Even the bluegill would hit the popper. One quality largemouth and spotted bass were the morning winners, along with numerous twelve-inch and under bass. This popper is fantastic but couldn't muster hits as the sun overtook the shaded areas we were fishing. Now if someone could create a fly or popper that would attract hits in the sun and wind all day, they could make a bundle. They would need a patent on their discovery for sure! Rest assured; you will see more posts concerning the success of the Double Barrel!

Saturday, June 17, 2023

Euro Nymphing---Trail and Error

I did a post in March involving Euro Nymphing and had some success with the new technique that day, but I left the tailrace knowing I needed to spend more time on Euro Nymphing's casting and hook-setting phase. I am still learning to use the cast effectively and how to detect a hit from the trout. For those who haven't tried Euro Nymphing, it can take some time to master. One can land trout using the method when traditional fly casting isn't producing.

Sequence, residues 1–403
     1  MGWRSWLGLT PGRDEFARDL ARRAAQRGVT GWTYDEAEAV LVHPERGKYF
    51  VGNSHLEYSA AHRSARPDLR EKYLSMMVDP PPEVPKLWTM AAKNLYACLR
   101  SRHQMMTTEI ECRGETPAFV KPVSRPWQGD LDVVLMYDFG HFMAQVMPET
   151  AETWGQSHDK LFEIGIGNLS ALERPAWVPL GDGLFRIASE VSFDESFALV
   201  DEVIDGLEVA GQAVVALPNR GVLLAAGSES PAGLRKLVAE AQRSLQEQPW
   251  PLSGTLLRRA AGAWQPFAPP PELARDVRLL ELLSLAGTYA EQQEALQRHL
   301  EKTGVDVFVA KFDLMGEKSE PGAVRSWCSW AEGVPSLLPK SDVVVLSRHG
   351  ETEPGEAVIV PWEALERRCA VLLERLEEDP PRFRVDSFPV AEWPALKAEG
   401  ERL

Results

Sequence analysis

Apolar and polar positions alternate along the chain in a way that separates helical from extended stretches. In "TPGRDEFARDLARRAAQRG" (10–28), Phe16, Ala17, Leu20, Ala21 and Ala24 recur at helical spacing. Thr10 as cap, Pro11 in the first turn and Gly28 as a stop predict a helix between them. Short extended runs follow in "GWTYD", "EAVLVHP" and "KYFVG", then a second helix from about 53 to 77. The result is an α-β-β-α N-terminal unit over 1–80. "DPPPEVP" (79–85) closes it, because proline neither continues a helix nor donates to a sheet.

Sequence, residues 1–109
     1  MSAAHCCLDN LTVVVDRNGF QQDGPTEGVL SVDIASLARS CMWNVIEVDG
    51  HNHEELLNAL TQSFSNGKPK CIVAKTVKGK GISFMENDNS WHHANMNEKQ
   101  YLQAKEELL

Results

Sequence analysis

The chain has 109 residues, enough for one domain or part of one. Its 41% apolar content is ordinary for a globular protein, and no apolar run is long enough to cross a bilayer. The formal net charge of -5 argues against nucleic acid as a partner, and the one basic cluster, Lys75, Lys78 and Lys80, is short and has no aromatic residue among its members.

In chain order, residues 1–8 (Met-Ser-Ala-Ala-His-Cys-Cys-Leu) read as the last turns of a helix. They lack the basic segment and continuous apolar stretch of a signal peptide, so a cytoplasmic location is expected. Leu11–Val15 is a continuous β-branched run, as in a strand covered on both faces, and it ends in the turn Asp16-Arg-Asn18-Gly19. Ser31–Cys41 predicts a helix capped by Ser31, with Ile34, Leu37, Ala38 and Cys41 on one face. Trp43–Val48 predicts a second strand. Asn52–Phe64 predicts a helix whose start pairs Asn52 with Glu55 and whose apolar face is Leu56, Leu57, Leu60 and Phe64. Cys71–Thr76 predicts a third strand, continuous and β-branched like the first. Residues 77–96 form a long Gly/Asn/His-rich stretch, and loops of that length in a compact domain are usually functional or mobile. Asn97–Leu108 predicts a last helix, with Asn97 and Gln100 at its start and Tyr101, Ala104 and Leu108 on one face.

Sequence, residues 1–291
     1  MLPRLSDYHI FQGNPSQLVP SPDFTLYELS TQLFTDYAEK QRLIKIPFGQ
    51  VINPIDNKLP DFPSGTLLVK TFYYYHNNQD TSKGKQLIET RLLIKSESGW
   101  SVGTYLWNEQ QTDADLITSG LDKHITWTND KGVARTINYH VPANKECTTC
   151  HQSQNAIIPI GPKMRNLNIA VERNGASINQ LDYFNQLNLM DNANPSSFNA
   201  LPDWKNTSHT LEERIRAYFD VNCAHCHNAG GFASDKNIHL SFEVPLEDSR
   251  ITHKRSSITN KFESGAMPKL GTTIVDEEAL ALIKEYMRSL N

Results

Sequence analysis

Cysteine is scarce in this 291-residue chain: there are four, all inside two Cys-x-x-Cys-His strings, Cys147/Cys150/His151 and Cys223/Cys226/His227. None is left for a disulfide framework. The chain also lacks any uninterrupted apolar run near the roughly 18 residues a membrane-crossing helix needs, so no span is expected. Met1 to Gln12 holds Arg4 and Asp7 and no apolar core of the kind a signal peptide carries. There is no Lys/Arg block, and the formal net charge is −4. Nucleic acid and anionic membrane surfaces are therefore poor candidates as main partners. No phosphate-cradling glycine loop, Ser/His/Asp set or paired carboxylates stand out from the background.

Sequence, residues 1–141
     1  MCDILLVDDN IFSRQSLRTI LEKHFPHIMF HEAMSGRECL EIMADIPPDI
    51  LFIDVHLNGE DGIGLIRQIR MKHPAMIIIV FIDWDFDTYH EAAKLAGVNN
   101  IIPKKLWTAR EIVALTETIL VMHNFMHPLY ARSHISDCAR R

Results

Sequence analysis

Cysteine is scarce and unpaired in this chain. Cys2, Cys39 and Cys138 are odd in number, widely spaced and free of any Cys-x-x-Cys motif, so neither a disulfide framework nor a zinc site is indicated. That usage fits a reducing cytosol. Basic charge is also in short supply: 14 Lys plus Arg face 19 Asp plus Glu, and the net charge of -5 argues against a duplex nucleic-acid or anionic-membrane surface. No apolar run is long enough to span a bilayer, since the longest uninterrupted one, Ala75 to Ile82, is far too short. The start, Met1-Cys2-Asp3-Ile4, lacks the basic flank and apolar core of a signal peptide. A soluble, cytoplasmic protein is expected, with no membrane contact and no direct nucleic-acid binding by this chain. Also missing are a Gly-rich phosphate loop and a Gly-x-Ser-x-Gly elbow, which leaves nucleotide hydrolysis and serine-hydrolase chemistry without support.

As stated many times by me, the Sipsey Tailrace is battered to death with every fly and live bait on the market to catch a trout. So I switched to the Euro Nymphing method to improve my odds of landing more trout on the pressured tailrace. So far, it has worked to the point that I can connect with a trout but not bring the fish to the net; in other words, I am losing too many trout, especially on yesterday's trip. Detecting the hit is the problem, and not getting a good hook set. The online class I watched on Utube showed setting the hook using an upward movement of the fly rod. The hook point drives through the top of the trout's mouth when using that hook-set method. I hope this hook-set method improves my catch ratio. Breaking an old habit of setting the hook in a side motion frustrates me. I need to slap my face every time I miss a trout by using the side motion hook-set. I am too much of a perfectionist when fly fishing is involved!